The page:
October 3, 2012
IT leaders, this year's Interop keynote speakers pushed one common theme. If you can't get out of being the break-fix department, you will see your budget and your status in the company disappear. What can you do now to end the cycle? Here are four ideas drawn from the Interop show in New York this week.
1. Get your network act together.
The pitch for one network, managed by one network management system and security infrastructure, and able to adjust to the developing mobile network of things came--not surprisingly--from Cisco. But the pitch from Cisco's Doug Merritt, senior VP of products and solutions, makes sense. The CIOs and IT managers I speak with are drowning in demands for a BYOD-free-for-all, bandwidth available on demand for any application, and security which reaches all users all the time. That is a big undertaking, but unless you can develop a single network umbrella strategy, I don't see how you will ever get out of the break-fix dilemma. Pitching the CFO and the CEO for 2013 budgets to create a comprehensive network plan will not sound as sexy as pitching the socially networked, big data enabled enterprise, but all those cool apps will wither without a strong network underpinning. 2. Make sure your new apps are born in the cloud.
Cloud computing may be the most overused term since personal computing, but the concept is here to stay. Ric Telford, VP of cloud services for IBM should get some credit for actually putting together an Interop presentation that skipped the cloud hype and drilled down to a methodology for the enterprise to take advantage of the cloud. In his view, the shift is to "applications of engagement" where the cloud environment provides a platform to create and integrate mobile, social, and analytical applications. These engagement applications differ from traditional enterprise transactional applications in that they are designed to largely take place outside the traditional enterprise confines and focus on collaboration. This one, in my opinion, will take a rethink of how companies create and deploy applications, but the payoff will be customer engagement applications that can outdistance the competition. 3. Your company's IT operations are important to your company's brand and growth.
This may be the ultimate breakaway from the IT break-fix role. Ben Fried, CIO for Google (and an exec with a long history of working within the enterprise), laid out a strong argument for turning IT into the innovation engine instead of a bureaucratic anchor. (See our related Interop coverage, Google CIO: Enterprise Software A Racket.) Global CIOs: A Site Just For You Visit InformationWeek's Global CIO -- our online community and information resource for CIOs operating in the global economy. Why not give your employees the best personal systems based on their choices of vendor, operating system, and applications, he said. What is the point of giving the Mac fan a five-year-old laptop running Vista? Be transparent in making sure your employees have the systems and vendors that they prefer, let them know via analytics how much their technology is costing the company, and think about productivity applications in the primary sense of collaboration capabilities, Fried advised. Allowing your employees to make their own technology decisions and being in the forefront of using tech to improve your business is good for the company and also good for the brand, noted Fried. This might all sound too radical (and costly) to many in IT, except the person doing the talking is from Google, which recently became the second largest technology company in stock value, behind Apple and ahead of Microsoft. 4. Ask if your security rivals that of cloud services.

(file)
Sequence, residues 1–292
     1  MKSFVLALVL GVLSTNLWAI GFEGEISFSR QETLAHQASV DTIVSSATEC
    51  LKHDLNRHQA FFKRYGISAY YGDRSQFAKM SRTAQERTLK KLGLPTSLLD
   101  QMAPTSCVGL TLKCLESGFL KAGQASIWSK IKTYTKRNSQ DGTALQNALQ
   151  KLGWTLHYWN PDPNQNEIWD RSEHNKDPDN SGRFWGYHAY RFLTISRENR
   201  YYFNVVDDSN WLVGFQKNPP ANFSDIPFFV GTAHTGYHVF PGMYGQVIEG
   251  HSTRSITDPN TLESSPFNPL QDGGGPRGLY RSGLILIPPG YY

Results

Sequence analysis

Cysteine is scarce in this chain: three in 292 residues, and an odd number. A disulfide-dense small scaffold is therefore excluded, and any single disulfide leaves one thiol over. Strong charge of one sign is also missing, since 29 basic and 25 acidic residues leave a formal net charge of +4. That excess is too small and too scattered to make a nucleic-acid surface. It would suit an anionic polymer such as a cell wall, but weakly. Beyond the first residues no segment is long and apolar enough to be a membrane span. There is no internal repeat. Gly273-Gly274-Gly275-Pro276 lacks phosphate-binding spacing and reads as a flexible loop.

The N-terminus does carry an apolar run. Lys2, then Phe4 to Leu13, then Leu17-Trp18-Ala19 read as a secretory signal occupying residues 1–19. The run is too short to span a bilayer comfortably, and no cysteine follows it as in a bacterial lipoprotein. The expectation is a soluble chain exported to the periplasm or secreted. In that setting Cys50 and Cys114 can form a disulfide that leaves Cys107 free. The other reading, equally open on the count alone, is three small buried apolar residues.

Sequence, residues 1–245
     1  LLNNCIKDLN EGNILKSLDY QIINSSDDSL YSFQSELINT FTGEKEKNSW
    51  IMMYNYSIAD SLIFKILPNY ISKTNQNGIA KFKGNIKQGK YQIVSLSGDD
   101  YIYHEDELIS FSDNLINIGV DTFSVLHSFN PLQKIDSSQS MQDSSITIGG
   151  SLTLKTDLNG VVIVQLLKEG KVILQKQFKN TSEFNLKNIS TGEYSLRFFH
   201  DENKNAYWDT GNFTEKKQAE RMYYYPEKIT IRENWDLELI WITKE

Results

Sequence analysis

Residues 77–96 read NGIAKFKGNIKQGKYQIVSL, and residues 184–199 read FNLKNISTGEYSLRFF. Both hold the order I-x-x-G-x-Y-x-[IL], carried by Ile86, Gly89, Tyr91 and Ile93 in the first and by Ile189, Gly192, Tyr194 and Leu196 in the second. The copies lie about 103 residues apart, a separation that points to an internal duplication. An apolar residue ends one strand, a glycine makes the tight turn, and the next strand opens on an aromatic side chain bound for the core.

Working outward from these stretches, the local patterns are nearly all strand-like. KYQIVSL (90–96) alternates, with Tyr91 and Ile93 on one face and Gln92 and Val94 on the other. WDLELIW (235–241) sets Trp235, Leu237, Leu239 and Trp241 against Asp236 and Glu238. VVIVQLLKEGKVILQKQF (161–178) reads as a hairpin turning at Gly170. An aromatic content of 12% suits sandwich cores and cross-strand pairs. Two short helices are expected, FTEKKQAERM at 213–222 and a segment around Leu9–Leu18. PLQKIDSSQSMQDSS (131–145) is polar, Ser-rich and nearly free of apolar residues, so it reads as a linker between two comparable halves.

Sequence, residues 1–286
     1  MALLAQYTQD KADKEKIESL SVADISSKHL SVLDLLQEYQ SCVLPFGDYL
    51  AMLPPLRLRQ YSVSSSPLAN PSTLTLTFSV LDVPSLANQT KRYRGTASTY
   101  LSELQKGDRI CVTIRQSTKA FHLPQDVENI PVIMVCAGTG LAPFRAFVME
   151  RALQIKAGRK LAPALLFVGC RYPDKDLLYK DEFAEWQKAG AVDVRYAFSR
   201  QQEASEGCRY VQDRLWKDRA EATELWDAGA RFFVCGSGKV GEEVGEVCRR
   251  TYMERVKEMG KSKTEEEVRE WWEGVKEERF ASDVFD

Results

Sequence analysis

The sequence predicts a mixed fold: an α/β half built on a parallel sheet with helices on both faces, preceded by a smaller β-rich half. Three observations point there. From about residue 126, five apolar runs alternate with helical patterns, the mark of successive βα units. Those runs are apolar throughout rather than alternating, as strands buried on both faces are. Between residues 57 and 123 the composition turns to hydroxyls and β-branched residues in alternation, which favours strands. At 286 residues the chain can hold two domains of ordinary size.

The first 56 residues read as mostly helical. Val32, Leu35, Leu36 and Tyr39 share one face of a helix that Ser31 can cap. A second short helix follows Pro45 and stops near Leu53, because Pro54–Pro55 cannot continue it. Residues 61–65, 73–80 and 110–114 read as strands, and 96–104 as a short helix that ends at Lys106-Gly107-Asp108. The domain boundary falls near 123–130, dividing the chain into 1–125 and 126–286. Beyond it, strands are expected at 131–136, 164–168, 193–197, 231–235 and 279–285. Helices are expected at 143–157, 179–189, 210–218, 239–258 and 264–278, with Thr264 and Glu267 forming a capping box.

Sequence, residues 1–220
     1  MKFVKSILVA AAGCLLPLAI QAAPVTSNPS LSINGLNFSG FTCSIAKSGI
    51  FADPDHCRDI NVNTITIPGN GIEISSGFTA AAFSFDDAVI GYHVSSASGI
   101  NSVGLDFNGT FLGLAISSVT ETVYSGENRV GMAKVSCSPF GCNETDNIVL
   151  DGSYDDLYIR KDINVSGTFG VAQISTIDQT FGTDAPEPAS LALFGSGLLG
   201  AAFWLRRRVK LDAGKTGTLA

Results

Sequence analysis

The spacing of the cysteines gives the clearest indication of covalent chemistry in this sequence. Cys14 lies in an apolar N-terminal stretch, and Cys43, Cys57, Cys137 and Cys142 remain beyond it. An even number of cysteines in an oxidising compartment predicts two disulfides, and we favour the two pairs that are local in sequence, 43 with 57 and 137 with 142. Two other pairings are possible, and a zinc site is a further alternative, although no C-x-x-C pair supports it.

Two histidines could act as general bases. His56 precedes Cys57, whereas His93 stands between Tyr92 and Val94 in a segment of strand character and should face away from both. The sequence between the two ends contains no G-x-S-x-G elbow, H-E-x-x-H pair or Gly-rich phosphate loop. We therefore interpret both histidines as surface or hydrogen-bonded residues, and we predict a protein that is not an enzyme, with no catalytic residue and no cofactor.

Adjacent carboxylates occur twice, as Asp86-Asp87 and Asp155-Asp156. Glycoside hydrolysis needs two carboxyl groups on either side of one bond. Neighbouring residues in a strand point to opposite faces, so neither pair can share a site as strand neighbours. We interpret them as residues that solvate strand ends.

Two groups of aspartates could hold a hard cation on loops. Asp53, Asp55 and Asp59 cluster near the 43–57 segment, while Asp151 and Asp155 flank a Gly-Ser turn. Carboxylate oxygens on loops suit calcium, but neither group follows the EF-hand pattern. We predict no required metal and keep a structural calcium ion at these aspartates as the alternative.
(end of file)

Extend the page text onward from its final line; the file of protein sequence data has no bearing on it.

Most CIOs are wrestling with the relationship between the cloud and security. Holding security close would seem to make sense. After listening to Stephen Schmidt, chief information security officer for Amazon Web Services, speak about security, I came to agree with those arguing that best security practices are the same whether you are doing it on premises or using the cloud model. (For details on Amazon's security strategy, see 5 Ways Amazon Web Services Protects Cloud Data.) If you have a strategy to make sure your security is enforced, and know how you want to measure and monitor that enforcement, then it matters less where that security is taking place. I'd suggest taking a look at Amazon's security policies and capabilities and comparing how they measure up to your capabilities. It is not often that companies are transparent about their security capabilities, but Amazon will allow you to measure your capabilities and policies versus its cloud service.
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